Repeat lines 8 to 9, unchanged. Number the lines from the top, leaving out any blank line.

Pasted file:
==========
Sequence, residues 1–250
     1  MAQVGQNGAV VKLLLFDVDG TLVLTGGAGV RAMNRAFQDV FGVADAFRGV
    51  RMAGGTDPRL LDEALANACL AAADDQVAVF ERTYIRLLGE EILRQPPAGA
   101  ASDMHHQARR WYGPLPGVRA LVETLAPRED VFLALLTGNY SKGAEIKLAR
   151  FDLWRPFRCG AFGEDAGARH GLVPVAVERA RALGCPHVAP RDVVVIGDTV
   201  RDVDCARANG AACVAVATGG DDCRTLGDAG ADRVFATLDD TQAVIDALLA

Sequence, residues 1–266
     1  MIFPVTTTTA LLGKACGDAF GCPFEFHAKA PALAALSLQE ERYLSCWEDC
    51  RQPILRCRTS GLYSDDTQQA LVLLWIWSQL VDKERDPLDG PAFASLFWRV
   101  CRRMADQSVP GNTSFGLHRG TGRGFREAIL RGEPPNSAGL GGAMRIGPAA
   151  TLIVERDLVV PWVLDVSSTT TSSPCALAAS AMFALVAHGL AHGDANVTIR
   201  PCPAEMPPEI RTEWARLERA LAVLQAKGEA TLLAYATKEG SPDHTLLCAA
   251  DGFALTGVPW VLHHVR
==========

     1  MIFPVTTTTA LLGKACGDAF GCPFEFHAKA PALAALSLQE ERYLSCWEDC
    51  RQPILRCRTS GLYSDDTQQA LVLLWIWSQL VDKERDPLDG PAFASLFWRV